This Ain’t No Way to Phase Out Coal
We are happy to provide an update. Minister Wilkinson announced at the end of July that the Vista coal mine expansion will undergo a federal impact assessment. After months of pushback on the project, the assessment will address not only the environmental aspects of the coal expansion project, but will also pay due consideration to Indigenous rights as required by the government’s commitment to the UN Declaration on the Rights of Indigenous Peoples.
Coal is a very dirty fossil fuel with multiple damaging impacts in terms of greenhouse gas emissions, air and water pollution, and harm to nature. The Canadian government has promised to phase out coal-fired power generation by 2030, going so far as to form an alliance with 19 other countries in November 2017 to “power past coal”.
Strange then that Canada’s environment minister has decided not to require an assessment of the climate and biodiversity impacts of several new or expanded coal mines. The first coal mine site is located in aspen/black spruce forest near Jasper National Park in Alberta, the other in the incredibly biodiverse Elk Valley of southeastern British Columbia. Two other large coal mines are also being proposed by foreign-based companies, one of which may be assessed federally.
In Alberta, Coalspur Mine Operations is proposing a 652-hectare expansion of its Vista thermal coal mine near the town of Hinton, 80 km Northeast of Jasper, that would potentially triple the mine’s maximum capacity to extract thermal coal for export. When burned, this coal would produce up to 33 million tonnes of carbon emissions.
In December 2019, Jonathan Wilkinson, federal Environment and Climate Change Minister, refused a petition from Ecojustice for a federal impact assessment of the project. The petition was rejected even though the analysis prepared for Minister Wilkinson concluded that the mine expansion may result in adverse effects on nine migratory bird species at risk and is likely to result in adverse effects on fish (including endangered Rainbow Trout and threatened Bull Trout) and fish habitat. Instead of an assessment of the Coalspur Vista mine, Minister Wilkinson announced a so-called strategic assessment of thermal coal, promising terms of reference by early 2020 (not yet released).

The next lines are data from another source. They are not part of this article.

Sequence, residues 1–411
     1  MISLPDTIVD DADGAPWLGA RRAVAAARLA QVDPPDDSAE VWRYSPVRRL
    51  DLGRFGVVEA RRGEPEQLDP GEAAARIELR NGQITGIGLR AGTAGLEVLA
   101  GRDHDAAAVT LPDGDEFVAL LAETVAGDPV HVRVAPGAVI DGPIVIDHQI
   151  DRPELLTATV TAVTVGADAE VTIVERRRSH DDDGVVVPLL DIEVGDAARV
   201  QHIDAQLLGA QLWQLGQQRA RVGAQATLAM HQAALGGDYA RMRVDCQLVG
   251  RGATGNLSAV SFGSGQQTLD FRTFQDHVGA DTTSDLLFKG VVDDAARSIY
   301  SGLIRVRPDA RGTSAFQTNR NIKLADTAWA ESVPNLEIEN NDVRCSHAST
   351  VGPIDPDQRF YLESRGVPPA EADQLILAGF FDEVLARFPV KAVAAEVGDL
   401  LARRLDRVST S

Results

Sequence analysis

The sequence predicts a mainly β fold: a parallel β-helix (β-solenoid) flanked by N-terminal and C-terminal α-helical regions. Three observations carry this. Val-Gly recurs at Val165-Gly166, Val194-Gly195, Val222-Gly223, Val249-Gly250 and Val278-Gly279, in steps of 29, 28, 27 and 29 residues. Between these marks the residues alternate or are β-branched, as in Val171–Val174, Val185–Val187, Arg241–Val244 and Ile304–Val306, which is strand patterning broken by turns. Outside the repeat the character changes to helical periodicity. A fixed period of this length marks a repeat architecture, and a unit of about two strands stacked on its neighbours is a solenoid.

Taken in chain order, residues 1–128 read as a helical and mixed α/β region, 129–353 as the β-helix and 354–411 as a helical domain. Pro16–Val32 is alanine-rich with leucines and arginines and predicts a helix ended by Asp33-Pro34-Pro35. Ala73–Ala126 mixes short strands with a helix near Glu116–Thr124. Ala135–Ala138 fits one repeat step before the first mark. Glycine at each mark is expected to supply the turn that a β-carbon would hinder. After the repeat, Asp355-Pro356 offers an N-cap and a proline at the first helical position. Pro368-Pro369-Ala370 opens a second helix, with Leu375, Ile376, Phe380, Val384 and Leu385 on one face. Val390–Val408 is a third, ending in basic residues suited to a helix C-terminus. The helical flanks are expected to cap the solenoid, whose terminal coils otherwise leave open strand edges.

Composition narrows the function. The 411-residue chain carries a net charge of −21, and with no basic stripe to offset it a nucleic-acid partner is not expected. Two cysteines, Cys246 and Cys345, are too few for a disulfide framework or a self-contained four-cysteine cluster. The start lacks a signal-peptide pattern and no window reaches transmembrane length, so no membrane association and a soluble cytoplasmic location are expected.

Teck Resources is proposing a massive 2500-hectare expansion of a metallurgical coal mine in B.C.’s Elk Valley. This mountain-top removal mine on Castle Mountain would destroy critical habitat for Rocky Mountain Bighorn Sheep, add significantly more selenium and other water pollutants to the Elk River watershed, and lock in decades of high-carbon emissions. Metallurgical coal is used to make steel, but there are alternative processes to manufacture steel that produce much less greenhouse gas pollution.
Bighorn Sheep have already lost critical winter range habitat in Elk Valley to coal mining. Selenium from mining already pollutes the Elk River with 90 percent of adult cutthroat trout gone from the upper Fording River (a tributary of the Elk).
Beyond these, two more metallurgical coal mines are being proposed in British Columbia: the Michel mine in the Elk Valley, and the Sukunka Mine in the Peace region. Proposed by Australia-based CoalMont, the Michel Coal Project would include two open-pits and produce between 2.3 and 4 million tonnes of raw coal per year. British/Swiss Glencore is proposing the Sukunka mine, which would produce 3 million tonnes of coal per year for export. The mine would be located in the heart of critical habitat for the endangered Quintette caribou herd in the province’s Peace region. The population of the Quintette herd has dropped from an estimated 173 to 74 animals between 2008 and 2018. The Sukunka mine is subject to a provincial assessment (as a substitute for a federal assessment), while the Michel mine is being assessed federally (unless agreement is reached for a substituted provincial assessment as for Sukunka).
Prime Minister Trudeau and Environment Minister Wilkinson need to keep their government’s promises to phase out coal-fired power generation, establish protected areas, and conserve species at risk.
These objectives cannot be achieved by rubberstamping new coal mines across western Canada. Convening review panels under the new Impact Assessment Act to comprehensively assess all of these proposed coal mines would be a start to ensuring that impacts on climate and biodiversity are understood and the potential for mitigation determined before any digging starts.